Monday, January 15th marks the 32nd national observance of the Reverend Dr. Martin Luther King’s birth. This year the holiday is observed on his actual birthday, which I always find somehow pleasing. With the Federal law mandating us to observe national holidays on Mondays, we sometimes forget when a person was really born, and I think we lose something when that happens. Initially, Ididn’t favor a “King Holiday.” I thought a more powerful and effective tribute would be if people just took January 15th off on their own and did something appropriate-sort of a nationwide act of civil disobedience. That did not happen, so I was feeling nervous in 1986 when the holiday was first observed. I feared that we would soon see a parade of “Martin Luther King Day Sales” in department and furniture stores and in auto showrooms; we would blow right past the messages embodied by his life and by his actions. But before that could happen Georgia Representative John Lewis and PA Senator Harris Wofford co-authored the King Holiday and Service Act. Both men had marched and worked with Dr. King, and the act they wrote encouraged Americans to honor the holiday by performing acts of service in honor of Dr. King. It was signed into law in 1994, and the idea caught on. Numerous civic organizations, cities, and towns all over the country developed volunteer activities for people of all ages, ranging from feeding the homeless, to repairing school playgrounds, to fixing up houses, planting gardens, and more. 32 years later the holiday is still seen as “The Martin Luther King Day of Service,” and Philadelphia continues to lead the nation both in the number of service opportunities offered AND in the number of participants. My fears, I am glad to say, were not realized.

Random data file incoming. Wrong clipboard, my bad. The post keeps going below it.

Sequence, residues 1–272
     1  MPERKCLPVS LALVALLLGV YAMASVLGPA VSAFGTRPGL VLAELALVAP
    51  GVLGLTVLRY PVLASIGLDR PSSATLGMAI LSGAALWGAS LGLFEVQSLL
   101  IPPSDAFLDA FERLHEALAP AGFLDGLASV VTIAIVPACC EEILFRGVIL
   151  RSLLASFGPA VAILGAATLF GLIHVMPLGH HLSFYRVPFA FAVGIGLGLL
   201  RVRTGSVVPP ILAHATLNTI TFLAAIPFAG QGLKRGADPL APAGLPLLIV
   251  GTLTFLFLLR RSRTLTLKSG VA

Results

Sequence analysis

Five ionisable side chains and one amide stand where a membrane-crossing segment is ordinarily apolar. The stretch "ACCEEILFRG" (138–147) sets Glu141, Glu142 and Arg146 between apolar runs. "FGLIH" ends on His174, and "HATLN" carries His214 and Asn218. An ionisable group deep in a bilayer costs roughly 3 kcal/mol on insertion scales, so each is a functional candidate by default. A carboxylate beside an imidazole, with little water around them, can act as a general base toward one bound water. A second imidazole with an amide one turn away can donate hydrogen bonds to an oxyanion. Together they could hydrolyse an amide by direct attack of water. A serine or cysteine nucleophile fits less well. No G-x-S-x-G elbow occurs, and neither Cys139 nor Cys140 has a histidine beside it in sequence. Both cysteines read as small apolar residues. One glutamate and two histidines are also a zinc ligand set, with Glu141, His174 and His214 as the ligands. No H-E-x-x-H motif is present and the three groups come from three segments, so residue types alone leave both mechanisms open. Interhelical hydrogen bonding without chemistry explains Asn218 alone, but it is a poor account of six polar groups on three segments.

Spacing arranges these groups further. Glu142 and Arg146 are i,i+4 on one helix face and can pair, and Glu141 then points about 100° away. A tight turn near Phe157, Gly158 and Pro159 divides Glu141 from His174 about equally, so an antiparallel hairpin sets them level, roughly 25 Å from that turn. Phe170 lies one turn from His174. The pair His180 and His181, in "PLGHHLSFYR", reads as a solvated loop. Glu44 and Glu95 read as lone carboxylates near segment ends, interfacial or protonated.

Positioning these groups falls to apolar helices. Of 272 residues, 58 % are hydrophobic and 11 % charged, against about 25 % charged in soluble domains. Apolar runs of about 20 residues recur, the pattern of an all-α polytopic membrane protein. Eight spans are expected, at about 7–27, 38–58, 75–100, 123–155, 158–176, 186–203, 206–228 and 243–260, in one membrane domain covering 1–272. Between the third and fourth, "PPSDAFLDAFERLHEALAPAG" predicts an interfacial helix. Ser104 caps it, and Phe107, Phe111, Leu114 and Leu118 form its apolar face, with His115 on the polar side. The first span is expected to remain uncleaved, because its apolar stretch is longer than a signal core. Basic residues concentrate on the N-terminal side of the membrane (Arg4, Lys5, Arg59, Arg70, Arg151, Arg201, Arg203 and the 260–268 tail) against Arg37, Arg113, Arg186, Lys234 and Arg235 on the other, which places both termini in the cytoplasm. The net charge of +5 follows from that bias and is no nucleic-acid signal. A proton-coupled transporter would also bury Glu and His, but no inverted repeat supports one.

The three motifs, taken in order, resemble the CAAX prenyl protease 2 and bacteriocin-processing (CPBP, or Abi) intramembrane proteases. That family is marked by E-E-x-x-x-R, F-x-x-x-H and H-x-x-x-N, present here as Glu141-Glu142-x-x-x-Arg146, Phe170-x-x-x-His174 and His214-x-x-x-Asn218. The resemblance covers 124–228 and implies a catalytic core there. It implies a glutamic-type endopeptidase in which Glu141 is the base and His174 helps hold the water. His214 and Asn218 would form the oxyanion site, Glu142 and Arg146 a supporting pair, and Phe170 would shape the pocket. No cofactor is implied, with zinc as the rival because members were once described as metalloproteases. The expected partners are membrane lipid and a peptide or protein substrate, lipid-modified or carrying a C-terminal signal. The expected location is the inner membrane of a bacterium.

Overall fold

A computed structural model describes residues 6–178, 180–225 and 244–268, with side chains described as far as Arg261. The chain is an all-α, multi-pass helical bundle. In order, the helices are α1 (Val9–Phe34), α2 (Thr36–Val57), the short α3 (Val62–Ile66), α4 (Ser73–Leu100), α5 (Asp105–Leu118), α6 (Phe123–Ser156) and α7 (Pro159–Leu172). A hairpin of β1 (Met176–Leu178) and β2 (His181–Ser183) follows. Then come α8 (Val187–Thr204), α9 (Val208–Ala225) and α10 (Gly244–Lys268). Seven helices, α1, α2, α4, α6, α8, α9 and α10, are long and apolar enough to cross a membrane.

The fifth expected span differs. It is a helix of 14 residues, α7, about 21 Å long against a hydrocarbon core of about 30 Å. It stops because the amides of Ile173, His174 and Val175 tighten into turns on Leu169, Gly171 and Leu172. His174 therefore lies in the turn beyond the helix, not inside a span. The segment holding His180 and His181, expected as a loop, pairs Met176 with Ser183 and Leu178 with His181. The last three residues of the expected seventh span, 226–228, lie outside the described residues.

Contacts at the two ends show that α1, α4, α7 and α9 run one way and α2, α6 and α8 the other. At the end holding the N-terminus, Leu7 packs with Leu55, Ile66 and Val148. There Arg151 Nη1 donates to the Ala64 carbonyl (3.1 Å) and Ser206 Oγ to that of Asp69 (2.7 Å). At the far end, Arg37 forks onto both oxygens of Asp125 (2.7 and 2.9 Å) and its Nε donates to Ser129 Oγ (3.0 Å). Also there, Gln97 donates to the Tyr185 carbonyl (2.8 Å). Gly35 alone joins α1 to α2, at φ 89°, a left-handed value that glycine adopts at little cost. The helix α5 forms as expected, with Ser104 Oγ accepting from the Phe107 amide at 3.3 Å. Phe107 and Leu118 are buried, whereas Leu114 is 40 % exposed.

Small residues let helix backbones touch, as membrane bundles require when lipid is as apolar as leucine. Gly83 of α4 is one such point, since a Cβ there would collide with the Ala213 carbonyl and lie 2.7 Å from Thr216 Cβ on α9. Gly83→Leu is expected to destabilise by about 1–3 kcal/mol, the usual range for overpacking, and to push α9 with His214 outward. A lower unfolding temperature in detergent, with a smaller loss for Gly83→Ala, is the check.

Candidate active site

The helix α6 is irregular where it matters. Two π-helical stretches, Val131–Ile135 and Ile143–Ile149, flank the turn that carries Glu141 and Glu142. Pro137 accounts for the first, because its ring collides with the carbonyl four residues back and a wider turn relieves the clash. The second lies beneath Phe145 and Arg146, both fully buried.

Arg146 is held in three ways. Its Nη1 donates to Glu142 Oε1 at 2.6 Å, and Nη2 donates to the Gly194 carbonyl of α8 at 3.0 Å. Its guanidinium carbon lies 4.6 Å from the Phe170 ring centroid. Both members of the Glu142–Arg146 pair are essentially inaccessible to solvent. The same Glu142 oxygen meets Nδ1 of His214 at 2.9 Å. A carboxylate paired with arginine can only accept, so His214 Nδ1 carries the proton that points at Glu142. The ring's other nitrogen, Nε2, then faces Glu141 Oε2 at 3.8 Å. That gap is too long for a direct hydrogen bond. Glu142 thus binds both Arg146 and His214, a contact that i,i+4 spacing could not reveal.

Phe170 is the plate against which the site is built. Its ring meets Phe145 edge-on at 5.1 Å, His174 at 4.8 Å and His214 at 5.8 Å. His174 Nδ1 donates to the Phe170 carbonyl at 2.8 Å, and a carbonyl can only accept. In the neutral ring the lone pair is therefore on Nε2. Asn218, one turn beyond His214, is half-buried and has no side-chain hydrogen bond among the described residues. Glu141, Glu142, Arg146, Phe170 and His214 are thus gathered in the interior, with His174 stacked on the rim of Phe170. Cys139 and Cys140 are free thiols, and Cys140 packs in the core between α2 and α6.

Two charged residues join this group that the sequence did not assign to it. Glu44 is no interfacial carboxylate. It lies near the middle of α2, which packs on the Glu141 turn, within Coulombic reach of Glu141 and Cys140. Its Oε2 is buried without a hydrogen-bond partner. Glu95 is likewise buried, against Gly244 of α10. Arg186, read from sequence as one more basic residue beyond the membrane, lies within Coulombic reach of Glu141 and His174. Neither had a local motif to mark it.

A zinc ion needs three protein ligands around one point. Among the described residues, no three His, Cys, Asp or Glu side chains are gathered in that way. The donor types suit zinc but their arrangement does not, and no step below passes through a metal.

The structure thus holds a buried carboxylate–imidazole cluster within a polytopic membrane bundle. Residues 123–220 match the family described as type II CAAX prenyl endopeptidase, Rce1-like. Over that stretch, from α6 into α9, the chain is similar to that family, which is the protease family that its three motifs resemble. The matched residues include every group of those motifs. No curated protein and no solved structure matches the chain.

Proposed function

King, of course, stands in the nation’s mind as the symbol of the Civil Rights Movement. His quotes about the power of love in the face of hatred and about nonviolence being the way to meet injustice are often quoted around the world. His famous “I Have a Dream Speech” from the 1963 March on Washington for Jobs and Justice is replayed and recited numerous times on his birthday, everywhere from elementary schools, to dinners and breakfasts, to marches, community celebrations, and on newscasts. He and Rosa Parks are often seen as “birth parents” of the Modern Civil Rights Movement, with the 1955 Montgomery Bus Boycott often being seen as the “birth event.” Montgomery was hugely important, of course, but seeing it as the birth event of the civil rights movement is far from accurate: there have been organized efforts to address the problems facing African Americans since colonial times. The NAACP had gone to court and won some travel segregation cases years before 1955, and there had been constant civil rights activity before the boycott all across the country. What Montgomery and its boycott marked was not the “birth of the movement.” What it marked was the birth of national awareness and attention to the movement. Civil Rights was now a nationwide issue and could not be ignored. Many people also tend to see Dr. King as the leader of the bus boycott, and that is not quite accurate, either. He did become the face of the boycott, but the reality of how that movement happened was more complicated and nuanced than the popular story has it. And it involves at least two other people who have not gotten much recognition due them but without whom there may never have been a boycott.